I recently spoke with a global economist about measuring the quality of jobs. She told me her organization was hoping to accomplish this using two metrics: pay and benefits. The problem is that neither metric measures whether people love or hate their job. When people have a job they hate, they are more likely than people who do not work at all to rate their lives poorly.
One way to help quantify those intangibles is to ask people about their jobs and their work. Gallup does this through a metric known as employee engagement. Using a short list of questions, we categorize workers into one of three categories: engaged, not engaged or -- worst of all -- actively disengaged.
People who are engaged at work or, in other words, have a "great job," can do what they do best, have the equipment to do their jobs effectively, and have a strong sense of mission and purpose in their work.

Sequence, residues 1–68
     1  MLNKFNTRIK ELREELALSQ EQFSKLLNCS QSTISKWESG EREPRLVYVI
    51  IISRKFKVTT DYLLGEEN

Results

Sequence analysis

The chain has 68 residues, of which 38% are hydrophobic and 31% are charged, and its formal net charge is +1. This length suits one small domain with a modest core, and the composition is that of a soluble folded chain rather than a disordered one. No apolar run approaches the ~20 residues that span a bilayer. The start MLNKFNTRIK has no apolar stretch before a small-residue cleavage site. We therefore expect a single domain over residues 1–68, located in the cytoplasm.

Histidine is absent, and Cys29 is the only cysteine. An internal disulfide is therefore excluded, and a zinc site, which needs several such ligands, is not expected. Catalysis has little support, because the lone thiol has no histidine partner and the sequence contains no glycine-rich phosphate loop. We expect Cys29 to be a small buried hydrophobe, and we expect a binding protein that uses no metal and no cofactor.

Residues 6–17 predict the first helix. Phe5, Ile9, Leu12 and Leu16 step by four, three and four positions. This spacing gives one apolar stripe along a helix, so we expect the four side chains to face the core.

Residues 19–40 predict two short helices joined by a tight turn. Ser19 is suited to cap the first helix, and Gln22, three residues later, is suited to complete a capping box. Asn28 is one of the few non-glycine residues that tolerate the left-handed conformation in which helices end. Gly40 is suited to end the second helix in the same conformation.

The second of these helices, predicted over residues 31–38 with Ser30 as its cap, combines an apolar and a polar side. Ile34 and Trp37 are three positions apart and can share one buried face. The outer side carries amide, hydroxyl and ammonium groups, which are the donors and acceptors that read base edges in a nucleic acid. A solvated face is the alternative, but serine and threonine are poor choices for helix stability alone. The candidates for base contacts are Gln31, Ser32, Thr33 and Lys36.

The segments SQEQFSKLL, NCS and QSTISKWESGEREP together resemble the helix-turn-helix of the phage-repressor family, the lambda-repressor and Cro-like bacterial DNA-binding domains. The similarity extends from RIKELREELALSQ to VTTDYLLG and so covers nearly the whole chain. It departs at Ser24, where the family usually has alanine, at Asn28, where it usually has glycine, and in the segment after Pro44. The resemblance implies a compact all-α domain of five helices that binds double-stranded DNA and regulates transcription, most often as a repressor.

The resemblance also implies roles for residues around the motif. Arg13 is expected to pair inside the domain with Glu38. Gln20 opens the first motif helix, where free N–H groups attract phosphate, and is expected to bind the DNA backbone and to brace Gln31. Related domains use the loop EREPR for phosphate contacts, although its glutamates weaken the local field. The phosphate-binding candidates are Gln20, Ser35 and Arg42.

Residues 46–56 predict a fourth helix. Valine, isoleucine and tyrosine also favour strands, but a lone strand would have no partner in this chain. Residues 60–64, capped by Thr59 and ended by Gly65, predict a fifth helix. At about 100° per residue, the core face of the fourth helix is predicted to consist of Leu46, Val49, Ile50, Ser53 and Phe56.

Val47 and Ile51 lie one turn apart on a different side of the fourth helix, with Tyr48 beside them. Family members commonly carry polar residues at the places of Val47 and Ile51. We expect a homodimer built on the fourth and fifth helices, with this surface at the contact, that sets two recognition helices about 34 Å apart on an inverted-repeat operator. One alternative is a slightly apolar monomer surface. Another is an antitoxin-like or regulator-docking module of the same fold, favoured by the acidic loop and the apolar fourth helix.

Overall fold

Gallup asked our engagement questions worldwide and found that between 2015 and 2016, out of the 1.4 billion adults who have good jobs, roughly 16% are engaged. Out of a global workforce of an estimated 3.3 billion adults who are working or looking for work, then, only 7% or 214 million people have a great job. This means about 3 billion people who want a great job don't have one.
The dream of men and women around the world is to have a good job and, ultimately, a great job. Yet only 214 million people are realizing this dream. Global leaders need to make "great job" creation a top priority. Using better metrics to understand the real jobs situation is a start.
The 2018 Global Great Jobs Briefing is the latest of Gallup's recent reports on the global workplace. The briefing updates the real jobs situation in 128 countries and shows where the greatest gaps remain between the good and great jobs that people want and need.
It complements the State of the Global Workplace report, which provides countries, leaders and organizations with actionable advice on what they need to close these gaps.
Find out how your country rates on good and great jobs in the 2018 Global Great Jobs Briefing.
Learn what countries, leaders and organizations can do to create great jobs in the State of the Global Workplace report.